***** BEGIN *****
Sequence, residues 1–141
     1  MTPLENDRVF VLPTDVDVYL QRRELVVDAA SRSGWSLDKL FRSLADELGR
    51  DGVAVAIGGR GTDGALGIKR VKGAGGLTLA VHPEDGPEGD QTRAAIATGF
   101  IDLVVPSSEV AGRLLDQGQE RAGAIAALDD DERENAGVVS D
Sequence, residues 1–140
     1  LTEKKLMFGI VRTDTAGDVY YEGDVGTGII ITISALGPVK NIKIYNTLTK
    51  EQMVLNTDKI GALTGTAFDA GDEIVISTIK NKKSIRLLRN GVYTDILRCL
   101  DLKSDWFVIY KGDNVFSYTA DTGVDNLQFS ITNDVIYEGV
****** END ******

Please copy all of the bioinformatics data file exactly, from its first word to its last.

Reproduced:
Sequence, residues 1–141
     1  MTPLENDRVF VLPTDVDVYL QRRELVVDAA SRSGWSLDKL FRSLADELGR
    51  DGVAVAIGGR GTDGALGIKR VKGAGGLTLA VHPEDGPEGD QTRAAIATGF
   101  IDLVVPSSEV AGRLLDQGQE RAGAIAALDD DERENAGVVS D
Sequence, residues 1–140
     1  LTEKKLMFGI VRTDTAGDVY YEGDVGTGII ITISALGPVK NIKIYNTLTK
    51  EQMVLNTDKI GALTGTAFDA GDEIVISTIK NKKSIRLLRN GVYTDILRCL
   101  DLKSDWFVIY KGDNVFSYTA DTGVDNLQFS ITNDVIYEGV